The Sun Is Also A Star by Nicola Yoon

Natasha is a Jamaican born illegal immigrant facing deportation because of the mistakes of her father. Her family may be resigned to leaving New York, but Natasha is willing to fight tooth and nail to stay in the only home she knows. Daniel is an American citizen born to South Korean immigrant parents. He is balancing the weight of his parents’ expectations and demands while having dreams and ideas far different of those of his parents. Both teens are struggling with what they want from life and the direction in which life seems to be pushing them. Daniel is a strong believer in love at first sight, that love can overcome anything, but Natasha knows love is only governed by chemicals and science and has no place in her life. After their first fateful meeting Daniel is determined to have Natasha fall in love with him, scientifically using a list of questions thought to create love. But even if Daniel’s plan works, how can love stand against the wills of their parents, federal deportation laws, and the casual racism of the world? Daniel and Natasha discuss issues that they have never told anyone before and form a bond that will test fate—if you believe in it. Set in New York City and told over the course of one day, The Sun is also a Star exhibits themes of family duty and dynamics, immigration and deportation, love, racism, goals and ambitions, and fate vs. choice.

Discussion questions from State Library of Louisiana:

1. What is the significance of Natasha’s headphones? Why is she so attached to them? 

2. Describe Daniel’s relationship with Charlie. How does this relationship change over the course of their childhoods? How does this relationship change over the course of the novel? 

3. How is the concept of home characterized over the course of the story? 

4. How does the prologue relate to the themes and structure of this book? How would the story change if the prologue was not included? 

5. How do the side characters’ stories shape the plot of this novel? Use specific examples from the text. 

6. Daniel believed in fate. Natasha did not. Are you more like Daniel or Natasha? Using examples from the book, explain how you are alike.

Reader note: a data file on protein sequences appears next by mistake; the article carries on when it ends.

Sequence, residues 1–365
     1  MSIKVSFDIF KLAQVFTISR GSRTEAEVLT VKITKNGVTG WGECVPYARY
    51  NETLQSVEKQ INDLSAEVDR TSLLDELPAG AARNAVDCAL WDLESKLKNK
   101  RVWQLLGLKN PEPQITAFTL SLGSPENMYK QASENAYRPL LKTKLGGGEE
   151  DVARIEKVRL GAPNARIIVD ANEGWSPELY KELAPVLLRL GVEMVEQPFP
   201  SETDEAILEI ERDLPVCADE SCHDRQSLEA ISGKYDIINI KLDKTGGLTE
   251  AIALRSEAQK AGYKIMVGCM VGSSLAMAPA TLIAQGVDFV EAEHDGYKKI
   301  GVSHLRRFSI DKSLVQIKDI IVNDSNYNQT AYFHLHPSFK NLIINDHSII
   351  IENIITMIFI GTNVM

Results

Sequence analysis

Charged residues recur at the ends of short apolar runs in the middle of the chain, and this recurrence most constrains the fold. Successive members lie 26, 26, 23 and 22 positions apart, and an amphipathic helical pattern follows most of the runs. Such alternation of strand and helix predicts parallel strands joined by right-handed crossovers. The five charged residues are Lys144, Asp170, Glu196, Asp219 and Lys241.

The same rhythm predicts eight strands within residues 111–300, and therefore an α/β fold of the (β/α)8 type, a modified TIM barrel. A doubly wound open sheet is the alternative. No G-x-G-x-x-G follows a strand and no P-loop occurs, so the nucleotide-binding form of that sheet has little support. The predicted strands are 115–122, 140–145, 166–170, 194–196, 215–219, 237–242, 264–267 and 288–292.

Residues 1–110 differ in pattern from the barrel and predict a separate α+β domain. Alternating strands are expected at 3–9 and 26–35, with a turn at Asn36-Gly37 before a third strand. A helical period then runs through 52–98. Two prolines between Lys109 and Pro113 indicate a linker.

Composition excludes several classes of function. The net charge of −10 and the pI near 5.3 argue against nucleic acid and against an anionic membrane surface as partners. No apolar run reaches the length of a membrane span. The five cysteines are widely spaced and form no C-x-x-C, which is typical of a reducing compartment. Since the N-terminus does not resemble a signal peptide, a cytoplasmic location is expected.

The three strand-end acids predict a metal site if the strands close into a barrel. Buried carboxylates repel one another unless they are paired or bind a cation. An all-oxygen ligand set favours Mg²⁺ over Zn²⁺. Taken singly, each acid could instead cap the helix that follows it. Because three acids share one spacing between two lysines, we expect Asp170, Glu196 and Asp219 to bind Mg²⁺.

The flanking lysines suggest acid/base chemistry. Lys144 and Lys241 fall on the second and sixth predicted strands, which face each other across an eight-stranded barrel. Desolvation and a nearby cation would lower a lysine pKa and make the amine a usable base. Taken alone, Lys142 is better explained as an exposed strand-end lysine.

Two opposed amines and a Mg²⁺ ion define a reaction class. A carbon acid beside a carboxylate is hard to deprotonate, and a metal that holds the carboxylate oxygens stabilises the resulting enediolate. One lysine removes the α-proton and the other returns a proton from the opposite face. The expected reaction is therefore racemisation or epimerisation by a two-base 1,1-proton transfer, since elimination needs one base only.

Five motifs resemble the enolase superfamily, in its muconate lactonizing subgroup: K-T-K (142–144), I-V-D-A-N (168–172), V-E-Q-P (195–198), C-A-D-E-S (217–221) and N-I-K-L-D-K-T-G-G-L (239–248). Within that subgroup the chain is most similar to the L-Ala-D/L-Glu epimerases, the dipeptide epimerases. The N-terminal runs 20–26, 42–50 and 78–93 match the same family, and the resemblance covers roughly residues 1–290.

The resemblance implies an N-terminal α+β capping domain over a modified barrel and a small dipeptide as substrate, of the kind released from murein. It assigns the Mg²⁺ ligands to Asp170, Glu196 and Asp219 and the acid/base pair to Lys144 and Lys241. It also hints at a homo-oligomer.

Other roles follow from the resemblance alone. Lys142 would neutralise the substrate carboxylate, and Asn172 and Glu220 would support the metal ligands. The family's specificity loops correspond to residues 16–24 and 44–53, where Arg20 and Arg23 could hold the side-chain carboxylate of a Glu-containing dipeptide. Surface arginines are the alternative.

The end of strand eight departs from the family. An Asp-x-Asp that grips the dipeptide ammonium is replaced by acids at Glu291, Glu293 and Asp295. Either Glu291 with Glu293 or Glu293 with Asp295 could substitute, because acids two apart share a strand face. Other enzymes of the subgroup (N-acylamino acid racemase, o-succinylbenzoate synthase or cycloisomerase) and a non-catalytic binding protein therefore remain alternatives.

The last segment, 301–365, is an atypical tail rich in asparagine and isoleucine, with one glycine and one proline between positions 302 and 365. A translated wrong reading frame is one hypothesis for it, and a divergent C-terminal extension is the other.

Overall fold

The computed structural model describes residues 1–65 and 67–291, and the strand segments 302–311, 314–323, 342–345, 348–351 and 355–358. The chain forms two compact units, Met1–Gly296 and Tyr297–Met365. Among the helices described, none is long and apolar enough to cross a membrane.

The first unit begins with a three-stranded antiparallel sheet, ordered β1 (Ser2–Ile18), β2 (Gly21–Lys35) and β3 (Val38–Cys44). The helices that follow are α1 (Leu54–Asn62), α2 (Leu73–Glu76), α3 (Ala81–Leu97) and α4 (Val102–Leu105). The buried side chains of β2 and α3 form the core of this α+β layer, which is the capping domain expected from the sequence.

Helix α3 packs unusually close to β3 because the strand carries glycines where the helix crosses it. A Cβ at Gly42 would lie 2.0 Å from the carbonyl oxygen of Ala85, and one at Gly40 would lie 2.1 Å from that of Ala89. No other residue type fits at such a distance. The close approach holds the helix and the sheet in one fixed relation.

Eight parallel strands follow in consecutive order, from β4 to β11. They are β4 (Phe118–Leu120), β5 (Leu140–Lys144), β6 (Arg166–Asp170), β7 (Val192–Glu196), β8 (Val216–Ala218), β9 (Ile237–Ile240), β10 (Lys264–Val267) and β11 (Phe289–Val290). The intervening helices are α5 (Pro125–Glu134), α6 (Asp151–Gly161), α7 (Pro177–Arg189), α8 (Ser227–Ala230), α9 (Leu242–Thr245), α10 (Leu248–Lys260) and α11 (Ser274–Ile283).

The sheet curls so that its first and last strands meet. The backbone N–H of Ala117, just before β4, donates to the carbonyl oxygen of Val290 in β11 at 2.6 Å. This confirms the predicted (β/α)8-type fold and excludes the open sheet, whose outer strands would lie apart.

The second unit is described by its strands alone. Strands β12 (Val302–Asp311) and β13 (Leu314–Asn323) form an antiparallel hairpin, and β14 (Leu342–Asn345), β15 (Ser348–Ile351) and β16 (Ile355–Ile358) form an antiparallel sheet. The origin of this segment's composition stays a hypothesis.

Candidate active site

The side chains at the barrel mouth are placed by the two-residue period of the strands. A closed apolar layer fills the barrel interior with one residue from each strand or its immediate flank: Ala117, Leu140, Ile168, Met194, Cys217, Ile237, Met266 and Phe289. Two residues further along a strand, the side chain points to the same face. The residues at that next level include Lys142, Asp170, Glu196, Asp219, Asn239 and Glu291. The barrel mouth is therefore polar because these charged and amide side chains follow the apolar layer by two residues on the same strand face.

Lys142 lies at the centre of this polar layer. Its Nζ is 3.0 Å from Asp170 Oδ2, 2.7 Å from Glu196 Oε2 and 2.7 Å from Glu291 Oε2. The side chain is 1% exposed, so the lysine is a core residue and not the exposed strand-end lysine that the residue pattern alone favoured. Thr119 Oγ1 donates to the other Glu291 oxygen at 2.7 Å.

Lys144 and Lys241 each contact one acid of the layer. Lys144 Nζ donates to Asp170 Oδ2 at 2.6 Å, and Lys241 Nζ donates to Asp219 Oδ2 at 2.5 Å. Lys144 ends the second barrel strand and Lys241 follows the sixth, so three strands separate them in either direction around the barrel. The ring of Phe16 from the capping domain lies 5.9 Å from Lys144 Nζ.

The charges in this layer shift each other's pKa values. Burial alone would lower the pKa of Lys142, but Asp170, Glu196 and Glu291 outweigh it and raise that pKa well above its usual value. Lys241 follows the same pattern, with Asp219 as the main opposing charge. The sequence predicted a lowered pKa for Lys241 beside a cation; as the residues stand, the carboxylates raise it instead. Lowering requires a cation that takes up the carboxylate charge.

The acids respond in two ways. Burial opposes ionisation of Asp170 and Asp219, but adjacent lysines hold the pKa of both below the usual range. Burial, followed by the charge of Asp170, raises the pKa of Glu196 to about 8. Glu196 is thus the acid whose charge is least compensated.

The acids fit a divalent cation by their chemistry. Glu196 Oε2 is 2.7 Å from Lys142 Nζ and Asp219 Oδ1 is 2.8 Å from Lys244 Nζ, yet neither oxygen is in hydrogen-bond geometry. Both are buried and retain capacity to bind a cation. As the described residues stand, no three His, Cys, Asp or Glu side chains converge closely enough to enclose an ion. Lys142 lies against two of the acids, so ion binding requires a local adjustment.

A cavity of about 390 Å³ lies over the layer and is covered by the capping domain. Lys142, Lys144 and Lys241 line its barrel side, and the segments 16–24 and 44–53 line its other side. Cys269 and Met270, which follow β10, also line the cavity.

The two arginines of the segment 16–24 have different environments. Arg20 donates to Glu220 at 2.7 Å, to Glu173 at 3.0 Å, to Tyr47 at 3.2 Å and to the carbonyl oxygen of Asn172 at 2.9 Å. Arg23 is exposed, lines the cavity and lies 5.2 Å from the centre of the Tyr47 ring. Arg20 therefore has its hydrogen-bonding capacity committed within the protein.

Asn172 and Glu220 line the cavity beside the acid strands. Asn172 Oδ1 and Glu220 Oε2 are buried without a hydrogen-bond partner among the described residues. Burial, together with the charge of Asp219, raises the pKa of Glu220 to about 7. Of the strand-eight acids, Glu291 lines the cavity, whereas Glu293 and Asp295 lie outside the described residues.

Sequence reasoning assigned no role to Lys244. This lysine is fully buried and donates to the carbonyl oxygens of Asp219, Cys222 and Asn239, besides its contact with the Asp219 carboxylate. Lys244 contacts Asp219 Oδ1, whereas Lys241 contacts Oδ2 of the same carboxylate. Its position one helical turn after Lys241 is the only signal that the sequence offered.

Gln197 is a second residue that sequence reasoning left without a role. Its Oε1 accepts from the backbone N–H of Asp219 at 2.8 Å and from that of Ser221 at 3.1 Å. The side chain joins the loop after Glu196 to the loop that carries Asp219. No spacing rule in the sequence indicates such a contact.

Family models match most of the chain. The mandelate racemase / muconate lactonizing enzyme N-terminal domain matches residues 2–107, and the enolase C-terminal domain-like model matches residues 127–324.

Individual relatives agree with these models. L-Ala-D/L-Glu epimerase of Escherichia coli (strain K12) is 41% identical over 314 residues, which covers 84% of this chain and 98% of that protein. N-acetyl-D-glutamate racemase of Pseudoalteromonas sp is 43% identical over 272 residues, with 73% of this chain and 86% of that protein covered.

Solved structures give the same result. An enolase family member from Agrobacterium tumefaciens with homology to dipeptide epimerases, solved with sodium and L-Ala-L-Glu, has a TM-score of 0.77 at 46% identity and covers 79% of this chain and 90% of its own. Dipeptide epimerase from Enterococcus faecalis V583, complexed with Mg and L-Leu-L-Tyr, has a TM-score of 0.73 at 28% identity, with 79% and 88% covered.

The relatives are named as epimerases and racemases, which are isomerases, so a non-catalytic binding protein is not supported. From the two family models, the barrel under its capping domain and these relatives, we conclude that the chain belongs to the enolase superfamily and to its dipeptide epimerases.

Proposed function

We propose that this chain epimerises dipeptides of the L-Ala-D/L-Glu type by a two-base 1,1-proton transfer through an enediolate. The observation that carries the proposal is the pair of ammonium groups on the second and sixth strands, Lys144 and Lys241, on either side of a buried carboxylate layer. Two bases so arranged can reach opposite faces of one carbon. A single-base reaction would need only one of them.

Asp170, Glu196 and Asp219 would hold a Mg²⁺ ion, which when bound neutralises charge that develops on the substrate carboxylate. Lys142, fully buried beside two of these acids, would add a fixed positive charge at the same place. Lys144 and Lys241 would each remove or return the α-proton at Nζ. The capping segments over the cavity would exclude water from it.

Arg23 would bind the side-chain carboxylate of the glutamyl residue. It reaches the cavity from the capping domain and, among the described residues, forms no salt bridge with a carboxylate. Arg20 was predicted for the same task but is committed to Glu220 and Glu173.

7. Do you think the main characters were in love? What does it take to love someone? Find evidence from the book that validates your answer. 

8. Does Natasha deserve to go home? Why or why not? Use examples from the book to explain your answer. 

9. Who is the antagonist? Explain why you think so using examples from the book. 

10. It takes most of the book before we fully learn about the situation surrounding the Kingsley’s deportation. What do the partial explanations reveal about Natasha and Samuel’s relationship? How does the final reveal shift Natasha’s character? Use specific examples from the text. 

11. Are Natasha’s father’s life decisions and actions entirely wrong? What are his faults? Does he have any redeeming qualities? 

12. How do Natasha and Daniel’s parents’ histories affect the ways they interact with their children? 

13. In your opinion who has ‘better’ parents, Natasha or Daniel? Provide specific evidence to back up your argument. 

14. Do you agree or disagree with Daniel’s parents’ actions and ideas? Why or why not? Use examples from the book to explain your answer. 

15. Daniel’s and Natasha’s parents are chasing the American Dream. What is the American Dream? Is it possible to achieve it? Did any of the characters achieve it? 

16. Nicola Yoon uses many different narrators over the course of the book; how do these various narrators change the story being told? How would the story change if it were only narrated by either Natasha or Daniel? 

17.Reference the different types of stereotypes, racism, or prejudices in the story. How are these instances important to the story? How do they affect the characters? 

18. How does Natasha view the relationship between science and love at the beginning of the book? How does her viewpoint change? 

19. Explain the roles of science and the arts in the story. Use examples from the book to examine the association between the parents’ love of the arts (acting, painting etc.) and Daniel and Natasha’s science related professions.

Activities from State Library of Louisiana

1.Instruct the students to read and print out a news article regarding current immigration issues. This can be done at home or during class time at a computer lab. Line the students up in two rows facing each other. Set a timer for 2-3 minutes and instruct the students to discuss each of their articles, highlighting the main idea and the most important points. Once the time is up, one of the rows rotates so each student has a new partner. Repeat the process as many times as needed so that everyone has discussed their articles.

2. The idea of poetry runs through The Sun is Also a Star in several different ways. After discussing the major ideas of the work such as family, home, fate, and love, read Emily Dickinson’s poem “‘Hope’ is the thing with feathers – (314).” Have students compose 5 their own poem on one of the major ideas of The Sun is Also a Star in the style of Emily Dickinson. Allow them to share their works if they so choose.